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Chinese Historical Events We Shouldn’t Forget

As the saying goes, “Those who cannot remember the past are condemned to repeat it.” China has a rich history, filled with significant events — both good and bad — but we can learn from all of them.

Here are some Chinese historical events we shouldn’t forget:


1839: The First Opium War

Lasting for three years, the first Anglo-Chinese War marked a pivotal point in China’s history. It brought about the “Century of Humiliation” which was a hundred years from the Qing defeat in the First Opium War to the rise of the Communist Party in 1921. It also resulted in widespread drug addiction in the country.

In addition, it prolonged the disagreement as to whether foreigners were allowed to enter the walled city of Guangzhou, China. It also contributed to the weakening, and ultimately, the end of the Chinese dynasty in favor of republican China in the early 20th century. The First Opium War only ended when the Treaty of Nanking was signed in 1842.


1860: Beijing Convention

The Second Opium War that started in 1856 and ended with the Beijing Convention that consists of three individual treaties that China signed with Great Britain, France, and Russia. This opened 11 more Chinese cities to do foreign trade and it allowed the freedom of religion. In addition, they also legalized opium, diplomatic legations in Beijing, foreign commercial vessels on Yangtze, and for foreigners to travel throughout China.


1861: The Progressive Reign of Empress Cixi

Empress Dowager Cixi ruled China for decades, bringing the medieval empire of China into the modern age. Before becoming empress, Cixi was chosen as one of the emperor’s concubines, but when he died in 1861, their five-year-old son ascended to the throne. Cixi immediately launched a palace coup against the regents and made herself the ruler of China. 

Being a progressive thinker, the empress had countless number of achievements that were light-years ahead of her time. She officially banned foot-binding, reformed China’s legal code and the education system, and outlawed certain barbaric punishments practiced during the time.


Empress Cixi. Photo from The Independent.


1882: The Chinese Exclusion Act

During the 1860s, the Chinese immigrated and arrived in the United States since they were employed in large labor projects such as the First Transcontinental Railroad. During their stay in America, they experienced discrimination and racism. Eventually, this led to the United States passing the Chinese Exclusion Act which limited the immigration of Chinese into the country. 

It was only years later in 1943, that the Chinese Exclusion Act was repealed through the Magnuson Act when China became an ally of the United States.  Recognizing the numerous accomplishments of Chinese Americans in California, the U.S. Senate apologized for the anti-Chinese legislation. Though, as recently as today, racist attacks continue against Asian Americans.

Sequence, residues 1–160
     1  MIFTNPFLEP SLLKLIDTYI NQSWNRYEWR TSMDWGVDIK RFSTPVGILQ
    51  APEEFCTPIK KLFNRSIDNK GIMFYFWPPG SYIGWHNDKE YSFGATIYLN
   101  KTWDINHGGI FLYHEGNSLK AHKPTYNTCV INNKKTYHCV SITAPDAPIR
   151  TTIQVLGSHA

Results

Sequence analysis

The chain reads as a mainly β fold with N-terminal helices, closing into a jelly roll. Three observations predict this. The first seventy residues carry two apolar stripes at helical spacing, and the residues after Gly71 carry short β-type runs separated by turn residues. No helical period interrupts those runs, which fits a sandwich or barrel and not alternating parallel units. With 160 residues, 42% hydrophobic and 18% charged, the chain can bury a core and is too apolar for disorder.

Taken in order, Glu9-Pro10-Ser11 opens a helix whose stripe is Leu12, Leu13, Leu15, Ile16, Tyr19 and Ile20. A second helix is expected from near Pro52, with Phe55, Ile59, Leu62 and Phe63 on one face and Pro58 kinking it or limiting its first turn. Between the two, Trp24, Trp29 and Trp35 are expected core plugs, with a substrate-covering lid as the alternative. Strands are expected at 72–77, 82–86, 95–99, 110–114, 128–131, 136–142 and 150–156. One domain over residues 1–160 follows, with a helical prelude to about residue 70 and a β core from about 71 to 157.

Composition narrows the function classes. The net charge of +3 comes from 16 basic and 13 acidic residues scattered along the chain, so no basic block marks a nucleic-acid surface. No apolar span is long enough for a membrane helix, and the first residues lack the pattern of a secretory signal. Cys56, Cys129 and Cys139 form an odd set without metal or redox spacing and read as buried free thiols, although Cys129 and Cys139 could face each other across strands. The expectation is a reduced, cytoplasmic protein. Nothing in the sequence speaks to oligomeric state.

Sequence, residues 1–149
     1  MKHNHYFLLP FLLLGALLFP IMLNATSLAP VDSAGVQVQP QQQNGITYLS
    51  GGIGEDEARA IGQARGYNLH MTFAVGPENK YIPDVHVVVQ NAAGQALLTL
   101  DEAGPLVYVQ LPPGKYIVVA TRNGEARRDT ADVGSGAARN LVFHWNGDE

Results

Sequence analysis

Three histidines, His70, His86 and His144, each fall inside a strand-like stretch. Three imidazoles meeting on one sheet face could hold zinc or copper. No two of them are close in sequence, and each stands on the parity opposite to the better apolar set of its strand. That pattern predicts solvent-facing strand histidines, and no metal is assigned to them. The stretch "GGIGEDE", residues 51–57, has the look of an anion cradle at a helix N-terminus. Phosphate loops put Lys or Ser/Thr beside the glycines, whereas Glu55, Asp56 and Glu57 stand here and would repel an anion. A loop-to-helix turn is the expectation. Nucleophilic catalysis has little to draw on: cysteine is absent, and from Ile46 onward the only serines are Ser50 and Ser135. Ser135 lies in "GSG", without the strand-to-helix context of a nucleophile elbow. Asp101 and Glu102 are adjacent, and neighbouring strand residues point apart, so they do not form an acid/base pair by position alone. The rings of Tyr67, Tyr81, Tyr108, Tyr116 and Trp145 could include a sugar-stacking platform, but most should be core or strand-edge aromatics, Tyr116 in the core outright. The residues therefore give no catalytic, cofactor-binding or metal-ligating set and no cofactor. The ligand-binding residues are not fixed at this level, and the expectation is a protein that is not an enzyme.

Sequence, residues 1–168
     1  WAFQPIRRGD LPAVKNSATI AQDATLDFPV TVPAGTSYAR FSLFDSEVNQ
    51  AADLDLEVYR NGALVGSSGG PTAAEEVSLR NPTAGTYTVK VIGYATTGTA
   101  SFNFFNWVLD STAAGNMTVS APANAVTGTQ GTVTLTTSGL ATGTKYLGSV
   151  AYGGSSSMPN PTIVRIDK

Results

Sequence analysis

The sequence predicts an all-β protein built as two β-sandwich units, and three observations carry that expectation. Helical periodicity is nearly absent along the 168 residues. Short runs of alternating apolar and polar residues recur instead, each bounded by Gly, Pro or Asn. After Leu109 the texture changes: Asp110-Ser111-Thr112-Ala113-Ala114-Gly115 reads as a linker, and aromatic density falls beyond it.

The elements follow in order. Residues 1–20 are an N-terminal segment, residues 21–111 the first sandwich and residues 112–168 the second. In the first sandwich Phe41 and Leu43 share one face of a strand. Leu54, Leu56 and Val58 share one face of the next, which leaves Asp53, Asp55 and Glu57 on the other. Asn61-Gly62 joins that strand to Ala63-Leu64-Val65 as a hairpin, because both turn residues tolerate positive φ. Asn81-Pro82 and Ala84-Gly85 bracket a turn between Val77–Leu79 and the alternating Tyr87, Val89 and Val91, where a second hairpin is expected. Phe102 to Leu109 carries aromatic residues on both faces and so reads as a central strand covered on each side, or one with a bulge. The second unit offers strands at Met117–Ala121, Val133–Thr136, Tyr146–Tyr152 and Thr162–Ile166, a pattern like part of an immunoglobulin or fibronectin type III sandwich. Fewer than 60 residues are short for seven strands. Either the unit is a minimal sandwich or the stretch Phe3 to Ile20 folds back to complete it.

1937: Nanking Massacre

During the Sino-Japanese war, Nanking, China was seized by the Japanese Imperial Army. Carrying out the orders of Matsui Iwane, the commander-general of the Japanese Central China Front Army, many Japanese perpetrated the mass killings of Chinese soldiers and citizens, including infants; burned down the surrounding city of Nanking; and raped tens of thousands.

They made Nanking their Chinese puppet government. When World War II ended, Matsui was found guilty of murder and rape and was executed.

Unfortunately, even today, there are deniers of the event that it’s been dubbed the “forgotten Holocaust” with Japan offering an official apology only in 2013. The Nanking Massacre is one of the fundamental keystones in the construction of the modern Chinese national identity. 


1949: Establishment of the People’s Republic of China 

The Qing Dynasty fell due to instability throughout the 19th century, internal rebellion, and foreign imperialism. Soon thereafter, China established a republic, which ended 2,000 years of imperial rule.

In October 1949, Chinese Communist Party leader Mao Zedong successfully established the People’s Republic of China in Beijing, taking the first steps to political reform, defeating the Nationalist government and transforming the class relations in the country which shaped the China that we know today.


Mao Zedong, also known as Chairman Mao, was a Chinese communist revolutionary who was the founder of the People’s Republic of China (PRC). Photo from Tribune of the People.


1971: Ping-Pong Diplomacy

The relations between the United States and China started to strengthen in 1971. China’s table tennis or ping-pong team invited members of the U.S. team to the country which made them the first Americans to ever enter China since 1949. In July 1971, the U.S. Secretary of State Henry Kissinger secretly went to China , and not long after, the United Nations recognized the People’s Republic of China. 


Chinese and American tennis table players play ping-pong in April 1971, Beijing. Photo from


1989: Tiananmen Square Massacre

In the pursuit to end corruption and call for free speech, thousands of Chinese students held demonstrations in Beijing’s Tiananmen Square Massacre and demanded democratic reform. Armed with assault rifles and accompanied by tanks, the government’s military troops went in and fired at the demonstrators in the square, along with those who blocked the military’s advance.

Today, the June 4 and 5 Tiananmen Square protests and massacre continue to resonate worldwide with vigils being held every year and special media reports published on the anniversary of the event.


Want to know more about China’s history? Check out our articles on some of the Chinese dynasties.

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